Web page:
> The IRS provided older data and you want SSA to use newer data
> You experienced a major life event that has dramatically impacted your income
|Life events that impacted your modified adjusted gross income||The 7 life events that qualify for a redetermination are:|
1. Death of your spouse
4. Reduced work hours
5. Layoff or termination
6. Loss of income from income-producing property
7. Reduced or loss of pension income
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According to HHS.gov, “Events that result in the loss of dividend income or affect a beneficiary’s expenses, but do not affect the beneficiary’s modified adjusted gross income are not considered qualifying life-changing events.”
Is Part D IRMAA Separate from Part D Late Enrollment Penalties?
IRMAA Part D and IRMAA Part B surcharges are different from a late enrollment penalty. Both can be added to your monthly premiums and it’s completely possible that high-income individuals who are late enrollees in Part B or Part D will have to pay both the IRMAA surcharge and the late enrollment penalty. Here are the differences:
|IRMAA Surcharges||Late Enrollment Penalties|
|> Are based on your income from the previous 2 years and regularly reviewed|
> Are only implemented if your income is more than a certain amount
|Are charged if an individual fails to enroll in Medicare Part B or Part D when first eligible. The penalty is based on how long you were without Part B or Part D coverage when finally decide to enroll.|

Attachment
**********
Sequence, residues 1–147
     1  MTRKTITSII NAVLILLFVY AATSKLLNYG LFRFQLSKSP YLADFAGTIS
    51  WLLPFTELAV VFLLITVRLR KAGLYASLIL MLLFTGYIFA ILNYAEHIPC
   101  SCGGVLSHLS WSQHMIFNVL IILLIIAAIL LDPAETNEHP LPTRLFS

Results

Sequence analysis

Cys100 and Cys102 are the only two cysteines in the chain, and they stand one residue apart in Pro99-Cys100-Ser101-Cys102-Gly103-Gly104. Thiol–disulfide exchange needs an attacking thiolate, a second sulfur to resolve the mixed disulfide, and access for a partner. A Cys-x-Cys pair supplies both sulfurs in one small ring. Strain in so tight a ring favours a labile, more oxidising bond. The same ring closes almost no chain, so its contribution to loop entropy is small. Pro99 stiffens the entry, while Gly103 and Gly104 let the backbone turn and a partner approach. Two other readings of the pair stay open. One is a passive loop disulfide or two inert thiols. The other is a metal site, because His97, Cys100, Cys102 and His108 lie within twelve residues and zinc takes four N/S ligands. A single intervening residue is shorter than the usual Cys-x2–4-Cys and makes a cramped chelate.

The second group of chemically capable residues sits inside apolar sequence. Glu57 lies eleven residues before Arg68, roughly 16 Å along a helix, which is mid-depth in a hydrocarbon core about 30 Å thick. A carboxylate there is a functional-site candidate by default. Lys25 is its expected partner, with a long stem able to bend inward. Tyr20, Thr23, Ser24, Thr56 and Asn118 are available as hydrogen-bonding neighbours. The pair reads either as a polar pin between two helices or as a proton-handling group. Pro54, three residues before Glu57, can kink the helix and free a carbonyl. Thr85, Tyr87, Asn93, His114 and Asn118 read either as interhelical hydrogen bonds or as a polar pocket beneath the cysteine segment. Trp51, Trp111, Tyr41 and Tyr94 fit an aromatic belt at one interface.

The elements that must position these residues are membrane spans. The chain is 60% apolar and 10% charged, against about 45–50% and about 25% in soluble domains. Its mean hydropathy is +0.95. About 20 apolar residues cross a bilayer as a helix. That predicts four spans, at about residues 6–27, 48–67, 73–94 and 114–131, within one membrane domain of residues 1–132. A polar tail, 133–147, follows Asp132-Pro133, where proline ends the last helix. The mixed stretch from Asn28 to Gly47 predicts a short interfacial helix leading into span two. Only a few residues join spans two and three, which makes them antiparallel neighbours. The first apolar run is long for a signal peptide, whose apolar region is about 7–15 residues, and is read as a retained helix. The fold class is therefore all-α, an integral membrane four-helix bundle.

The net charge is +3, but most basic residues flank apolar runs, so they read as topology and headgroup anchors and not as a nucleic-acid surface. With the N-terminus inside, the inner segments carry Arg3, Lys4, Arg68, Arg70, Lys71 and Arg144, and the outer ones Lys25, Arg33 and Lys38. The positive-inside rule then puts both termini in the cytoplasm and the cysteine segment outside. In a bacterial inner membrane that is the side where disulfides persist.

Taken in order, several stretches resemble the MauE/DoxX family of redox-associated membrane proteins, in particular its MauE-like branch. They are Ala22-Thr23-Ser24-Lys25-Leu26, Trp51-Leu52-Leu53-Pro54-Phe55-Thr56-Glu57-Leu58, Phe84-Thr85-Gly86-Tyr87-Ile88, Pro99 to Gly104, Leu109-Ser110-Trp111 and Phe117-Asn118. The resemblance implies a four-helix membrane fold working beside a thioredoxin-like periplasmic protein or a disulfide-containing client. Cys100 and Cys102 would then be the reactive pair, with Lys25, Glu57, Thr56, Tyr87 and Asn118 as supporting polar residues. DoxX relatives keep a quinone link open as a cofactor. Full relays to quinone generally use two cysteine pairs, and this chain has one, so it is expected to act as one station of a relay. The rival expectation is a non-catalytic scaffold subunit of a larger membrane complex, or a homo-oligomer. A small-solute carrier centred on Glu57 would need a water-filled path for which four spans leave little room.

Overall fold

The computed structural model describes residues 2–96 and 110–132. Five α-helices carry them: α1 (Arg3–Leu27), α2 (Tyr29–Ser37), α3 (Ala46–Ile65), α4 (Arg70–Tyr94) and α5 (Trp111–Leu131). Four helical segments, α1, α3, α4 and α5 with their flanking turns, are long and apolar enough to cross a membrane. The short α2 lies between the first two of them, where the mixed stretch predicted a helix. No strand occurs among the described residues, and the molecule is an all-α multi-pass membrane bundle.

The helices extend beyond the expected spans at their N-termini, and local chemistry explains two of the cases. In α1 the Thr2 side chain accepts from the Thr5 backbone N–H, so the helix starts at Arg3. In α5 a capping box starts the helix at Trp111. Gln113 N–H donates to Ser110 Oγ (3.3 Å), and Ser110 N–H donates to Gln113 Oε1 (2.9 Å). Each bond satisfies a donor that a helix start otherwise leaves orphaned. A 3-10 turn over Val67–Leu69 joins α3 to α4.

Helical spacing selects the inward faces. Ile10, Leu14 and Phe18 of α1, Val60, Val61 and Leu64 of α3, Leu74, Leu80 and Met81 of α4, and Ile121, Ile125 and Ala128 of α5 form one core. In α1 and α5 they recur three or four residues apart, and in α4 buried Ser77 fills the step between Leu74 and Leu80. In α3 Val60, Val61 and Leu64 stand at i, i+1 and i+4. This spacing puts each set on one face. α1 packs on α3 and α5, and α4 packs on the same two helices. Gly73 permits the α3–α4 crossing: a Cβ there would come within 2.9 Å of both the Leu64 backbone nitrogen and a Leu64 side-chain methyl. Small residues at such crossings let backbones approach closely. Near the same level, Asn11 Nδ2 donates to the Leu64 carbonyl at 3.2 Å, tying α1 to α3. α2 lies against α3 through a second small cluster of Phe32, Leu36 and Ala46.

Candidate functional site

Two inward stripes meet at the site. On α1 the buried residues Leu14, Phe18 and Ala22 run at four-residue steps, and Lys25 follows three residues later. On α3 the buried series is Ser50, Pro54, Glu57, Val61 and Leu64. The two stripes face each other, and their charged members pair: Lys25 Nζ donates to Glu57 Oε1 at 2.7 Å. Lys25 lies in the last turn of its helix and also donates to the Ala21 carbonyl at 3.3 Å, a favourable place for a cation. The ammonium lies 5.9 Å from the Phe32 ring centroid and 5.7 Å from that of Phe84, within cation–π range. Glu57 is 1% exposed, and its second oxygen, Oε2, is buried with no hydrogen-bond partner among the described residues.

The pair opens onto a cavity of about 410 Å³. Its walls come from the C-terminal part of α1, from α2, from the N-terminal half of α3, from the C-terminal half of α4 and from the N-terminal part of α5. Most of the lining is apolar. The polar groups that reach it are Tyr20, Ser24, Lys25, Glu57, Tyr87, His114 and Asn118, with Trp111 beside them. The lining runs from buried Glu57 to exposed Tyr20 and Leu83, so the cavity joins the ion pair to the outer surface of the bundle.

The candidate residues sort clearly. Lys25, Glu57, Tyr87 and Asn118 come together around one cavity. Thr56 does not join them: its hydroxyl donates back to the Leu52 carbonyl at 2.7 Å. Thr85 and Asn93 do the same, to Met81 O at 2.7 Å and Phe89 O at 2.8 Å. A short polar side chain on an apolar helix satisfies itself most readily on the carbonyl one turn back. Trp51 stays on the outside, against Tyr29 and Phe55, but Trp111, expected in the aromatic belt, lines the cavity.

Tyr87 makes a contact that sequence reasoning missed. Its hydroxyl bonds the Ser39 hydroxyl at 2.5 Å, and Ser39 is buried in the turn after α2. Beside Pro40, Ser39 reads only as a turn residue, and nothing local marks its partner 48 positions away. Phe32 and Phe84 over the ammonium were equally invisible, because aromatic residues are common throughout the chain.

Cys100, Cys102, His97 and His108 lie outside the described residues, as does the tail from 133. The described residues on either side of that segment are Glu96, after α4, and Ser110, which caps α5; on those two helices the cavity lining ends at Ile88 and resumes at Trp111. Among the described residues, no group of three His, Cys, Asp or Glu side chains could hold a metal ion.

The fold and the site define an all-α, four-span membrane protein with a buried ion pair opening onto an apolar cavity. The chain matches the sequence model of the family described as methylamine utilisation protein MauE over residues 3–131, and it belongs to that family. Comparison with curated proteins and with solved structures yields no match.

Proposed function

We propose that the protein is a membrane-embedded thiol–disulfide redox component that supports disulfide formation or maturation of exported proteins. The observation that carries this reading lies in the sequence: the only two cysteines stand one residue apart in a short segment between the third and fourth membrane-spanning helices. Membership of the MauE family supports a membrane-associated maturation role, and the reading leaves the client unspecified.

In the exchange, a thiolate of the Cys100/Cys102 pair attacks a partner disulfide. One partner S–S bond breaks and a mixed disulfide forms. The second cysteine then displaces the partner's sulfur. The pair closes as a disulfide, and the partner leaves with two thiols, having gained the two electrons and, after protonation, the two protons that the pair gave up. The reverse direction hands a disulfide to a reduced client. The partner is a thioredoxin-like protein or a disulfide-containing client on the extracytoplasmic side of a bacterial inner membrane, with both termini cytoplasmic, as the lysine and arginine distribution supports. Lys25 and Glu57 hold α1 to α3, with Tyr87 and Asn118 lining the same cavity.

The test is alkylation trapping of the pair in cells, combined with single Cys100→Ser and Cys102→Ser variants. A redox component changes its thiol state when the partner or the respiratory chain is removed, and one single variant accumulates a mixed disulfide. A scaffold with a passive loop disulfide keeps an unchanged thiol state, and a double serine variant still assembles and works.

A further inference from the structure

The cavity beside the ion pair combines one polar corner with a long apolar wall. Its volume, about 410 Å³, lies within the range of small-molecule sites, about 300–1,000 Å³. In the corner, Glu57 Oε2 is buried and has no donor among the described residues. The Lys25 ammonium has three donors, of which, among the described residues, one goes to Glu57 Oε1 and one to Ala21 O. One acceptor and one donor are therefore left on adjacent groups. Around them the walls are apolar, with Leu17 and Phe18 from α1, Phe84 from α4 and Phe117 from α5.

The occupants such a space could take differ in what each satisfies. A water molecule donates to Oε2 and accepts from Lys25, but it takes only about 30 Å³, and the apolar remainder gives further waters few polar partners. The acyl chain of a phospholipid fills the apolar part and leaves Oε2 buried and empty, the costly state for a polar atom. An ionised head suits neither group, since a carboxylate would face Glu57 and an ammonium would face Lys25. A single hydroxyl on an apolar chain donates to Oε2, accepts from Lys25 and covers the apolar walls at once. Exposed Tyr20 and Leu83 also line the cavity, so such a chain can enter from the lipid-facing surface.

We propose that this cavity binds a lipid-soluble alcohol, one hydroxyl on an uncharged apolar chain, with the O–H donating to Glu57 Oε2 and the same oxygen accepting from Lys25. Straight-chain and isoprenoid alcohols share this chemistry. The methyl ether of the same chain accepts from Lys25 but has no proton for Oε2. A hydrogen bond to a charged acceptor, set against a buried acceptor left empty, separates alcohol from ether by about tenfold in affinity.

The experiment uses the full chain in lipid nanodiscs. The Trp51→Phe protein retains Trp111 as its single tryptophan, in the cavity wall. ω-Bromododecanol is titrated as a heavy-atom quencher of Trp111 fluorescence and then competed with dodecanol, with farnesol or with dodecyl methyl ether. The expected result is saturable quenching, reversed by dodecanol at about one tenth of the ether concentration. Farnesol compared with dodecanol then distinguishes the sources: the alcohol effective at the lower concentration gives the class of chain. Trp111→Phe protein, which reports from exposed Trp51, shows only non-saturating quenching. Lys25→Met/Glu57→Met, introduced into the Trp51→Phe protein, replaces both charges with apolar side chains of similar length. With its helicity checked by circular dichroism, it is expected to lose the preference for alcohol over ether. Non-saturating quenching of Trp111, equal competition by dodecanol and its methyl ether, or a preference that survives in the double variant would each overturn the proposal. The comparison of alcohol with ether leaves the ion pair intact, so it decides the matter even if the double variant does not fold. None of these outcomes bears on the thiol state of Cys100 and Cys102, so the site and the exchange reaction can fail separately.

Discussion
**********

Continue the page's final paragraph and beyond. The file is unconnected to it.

How Will I Know about the Penalty and How do I Pay It?
The Social Security Administration will notify you of an IRMAA surcharge for Part B and/or Part D. You will receive an Initial IRMAA Determination in the mail that will explain how much your surcharge amounts to and your right to appeal SSA’s determination.
If you receive an IRMAA notification and believe that there is an error in the determination, you should file your appeal to Social Security using the “Medicare Income-Related Monthly Adjustment Amount Life-Changing Event” form (SSA-44).
If you are charged an IRMAA surcharge, the amount will typically be taken out of your monthly Social Security or your Railroad Retirement Board benefit.
Please note that an IRMAA can change annually and you are required to pay it to maintain your Medicare Part B and/or Part D benefits. If you don’t pay it, you will likely lose your Medicare Part A and /or Part D benefits.
Will my Medicare Supplement Plan be Impacted by IRMAA Part B or IRMAA Part D?
If you are enrolled in a Medicare Supplement (Medigap) plan, an IRMAA surcharge will not affect your Medicare Supplement premium since the plan is designed to supplement your Medicare benefits, not replace them.
However, if you are enrolled in Medicare Part C (Medicare Advantage) the IRMAA surcharge will likely have an impact on your prescription drug benefit cost. Since you must continue paying your Medicare Part B premium, the IRMAA will impact that as well.
Frequently Asked Questions
IRMAA is an acronym for Income-Related Monthly Adjustment Amounts which can impact Medicare Part D (prescription drug benefit) premiums.
Once your income exceeds $91k for individuals or $182k for joint filers, the IRMAA surcharge will be activated.
Yes, you can appeal your IRMAA surcharge by filing form SSA-44 and if you qualify under one or more of the 7 eligibilities.
Yes, if your amended tax return indicates that you had a lower income for the year used to determine the IRMAA surcharge, you should contact the SSA or file an appeal form.